There is a known phenomenon which occurs when one gets engaged: they hemorrhage friends. The use of the word hemorrhage is quite succinct really; it’s a slow trickle and progression… While this fact of life is nothing new, it is an interesting eventuality of getting engaged and ultimately married. I am not the first one to blog about this topic either. This actuality has been chronicled in many blog posts and stories. Although I don’t know which friends I am going to unwillingly be distanced from yet, it remains a sad thought that this dynamic has to happen. Granted, there are ways to minimize the loss or the severity of one’s impending fallout, but let’s face it, once you’re married other consideration and priorities take precedence, as they rightfully should, and one’s focus on their friends will ultimately suffer. But then again, this is a two-way street as well, and I can remember being on the other side the median. It is also something that even if one is cognizant about, they are still somewhat helpless to control.
Anyway, the point of interest I wished to add this topic was that science has actually done a study on said phenomenon. Researchers from Oxford University concluded that falling in love costs on average two close friends from one’s core circle of friends.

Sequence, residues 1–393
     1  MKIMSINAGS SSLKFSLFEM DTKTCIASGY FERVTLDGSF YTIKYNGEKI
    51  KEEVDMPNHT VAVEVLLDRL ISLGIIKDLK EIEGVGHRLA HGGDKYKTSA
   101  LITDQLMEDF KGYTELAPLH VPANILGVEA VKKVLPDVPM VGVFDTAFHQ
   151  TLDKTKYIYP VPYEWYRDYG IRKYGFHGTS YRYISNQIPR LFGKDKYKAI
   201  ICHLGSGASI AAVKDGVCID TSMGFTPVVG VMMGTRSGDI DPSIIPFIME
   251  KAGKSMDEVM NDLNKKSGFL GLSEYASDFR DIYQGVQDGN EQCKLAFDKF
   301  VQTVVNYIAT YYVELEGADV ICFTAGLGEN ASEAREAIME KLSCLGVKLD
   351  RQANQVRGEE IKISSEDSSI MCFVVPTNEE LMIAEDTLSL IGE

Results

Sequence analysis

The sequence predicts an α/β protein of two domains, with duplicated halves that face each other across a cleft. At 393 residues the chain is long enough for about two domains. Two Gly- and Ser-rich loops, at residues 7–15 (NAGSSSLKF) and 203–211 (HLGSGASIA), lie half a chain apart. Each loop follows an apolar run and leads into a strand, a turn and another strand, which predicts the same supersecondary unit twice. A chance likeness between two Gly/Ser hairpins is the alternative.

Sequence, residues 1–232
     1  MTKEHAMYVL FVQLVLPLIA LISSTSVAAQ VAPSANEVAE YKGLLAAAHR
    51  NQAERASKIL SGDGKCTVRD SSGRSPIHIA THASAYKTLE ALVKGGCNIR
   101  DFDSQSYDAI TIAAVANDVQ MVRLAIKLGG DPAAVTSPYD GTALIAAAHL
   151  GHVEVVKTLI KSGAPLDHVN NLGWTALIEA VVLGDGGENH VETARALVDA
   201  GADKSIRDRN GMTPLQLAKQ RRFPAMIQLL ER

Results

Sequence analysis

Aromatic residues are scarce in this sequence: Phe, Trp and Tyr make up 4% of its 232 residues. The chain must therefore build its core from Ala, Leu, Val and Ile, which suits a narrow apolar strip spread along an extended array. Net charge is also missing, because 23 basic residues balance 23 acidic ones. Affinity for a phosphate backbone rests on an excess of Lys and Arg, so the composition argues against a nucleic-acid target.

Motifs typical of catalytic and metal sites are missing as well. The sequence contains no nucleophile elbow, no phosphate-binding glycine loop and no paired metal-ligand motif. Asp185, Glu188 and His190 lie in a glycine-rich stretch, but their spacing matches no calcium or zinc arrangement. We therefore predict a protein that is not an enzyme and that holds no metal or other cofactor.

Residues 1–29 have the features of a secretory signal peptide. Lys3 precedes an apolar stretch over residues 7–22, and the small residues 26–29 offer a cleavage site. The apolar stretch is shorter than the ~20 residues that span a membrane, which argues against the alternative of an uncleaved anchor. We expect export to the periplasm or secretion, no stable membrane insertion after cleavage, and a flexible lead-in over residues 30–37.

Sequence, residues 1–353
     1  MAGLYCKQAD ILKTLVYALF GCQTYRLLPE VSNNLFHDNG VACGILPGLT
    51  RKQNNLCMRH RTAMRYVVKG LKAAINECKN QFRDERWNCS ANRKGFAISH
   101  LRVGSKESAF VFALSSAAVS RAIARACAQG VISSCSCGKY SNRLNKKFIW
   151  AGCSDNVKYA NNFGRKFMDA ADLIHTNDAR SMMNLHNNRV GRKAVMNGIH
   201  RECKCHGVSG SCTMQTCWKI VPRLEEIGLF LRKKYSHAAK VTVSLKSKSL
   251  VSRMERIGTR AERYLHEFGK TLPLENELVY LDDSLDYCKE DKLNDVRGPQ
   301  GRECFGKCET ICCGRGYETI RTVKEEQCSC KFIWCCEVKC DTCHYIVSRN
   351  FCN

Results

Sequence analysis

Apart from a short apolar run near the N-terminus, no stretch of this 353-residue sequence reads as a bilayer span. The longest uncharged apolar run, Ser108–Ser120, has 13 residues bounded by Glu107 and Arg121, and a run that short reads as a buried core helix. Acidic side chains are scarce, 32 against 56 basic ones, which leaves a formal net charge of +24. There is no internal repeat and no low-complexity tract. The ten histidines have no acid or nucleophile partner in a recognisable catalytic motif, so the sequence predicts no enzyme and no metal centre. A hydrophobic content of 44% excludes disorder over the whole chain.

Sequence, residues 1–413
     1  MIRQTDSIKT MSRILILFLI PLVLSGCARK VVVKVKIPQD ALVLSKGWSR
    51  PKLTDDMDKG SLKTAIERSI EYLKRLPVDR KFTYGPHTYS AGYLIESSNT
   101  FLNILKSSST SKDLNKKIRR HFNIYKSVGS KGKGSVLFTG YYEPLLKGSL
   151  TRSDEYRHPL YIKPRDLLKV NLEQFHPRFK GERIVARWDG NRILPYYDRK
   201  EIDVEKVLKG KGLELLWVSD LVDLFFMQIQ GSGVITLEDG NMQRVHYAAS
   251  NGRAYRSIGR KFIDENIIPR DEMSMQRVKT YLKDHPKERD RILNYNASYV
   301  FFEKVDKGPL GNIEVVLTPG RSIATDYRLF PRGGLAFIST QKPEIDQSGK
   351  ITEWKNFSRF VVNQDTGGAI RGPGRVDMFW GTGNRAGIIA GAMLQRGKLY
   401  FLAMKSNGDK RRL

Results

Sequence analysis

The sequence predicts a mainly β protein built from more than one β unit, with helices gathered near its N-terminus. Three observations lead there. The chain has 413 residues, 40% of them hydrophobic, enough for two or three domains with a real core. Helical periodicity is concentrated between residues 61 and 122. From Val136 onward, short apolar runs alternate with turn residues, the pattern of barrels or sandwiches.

Single women often complain that their girlfriends, who were once as close as sisters, dump them when they find a new guy. They're left hurt, upset and bewildered. Whatever happened to sisterhood, they wonder?
Based on this report, however, it seems to be a matter of simple arithmetic: You can't add a consuming new romance and keep your other tight-knit relationships at the same number and level of intensity---and this phenomenon isn't limited to women.
The research team found that men and women are equally at risk of losing two close friends when they get involved with a new romance. After that, they're left with four remaining friends, on average, one of them being the new person that has come into their life.Article Link
"If you don't see people, your emotional engagement with them drops off and does so quickly. What I suspect is that your attention is so wholly focused on the romantic partner you don't get to see the other folks you had a lot to do with before, and so some of those relationships start to deteriorate."
In a separate study, Dunbar's team looked at how men and women maintained friendships on the social networking website Facebook. They found that women's Facebook friends were more often friends from everyday life that they spent time with, while men tended to collect as many friends as they could, even if they hardly knew them.Article Link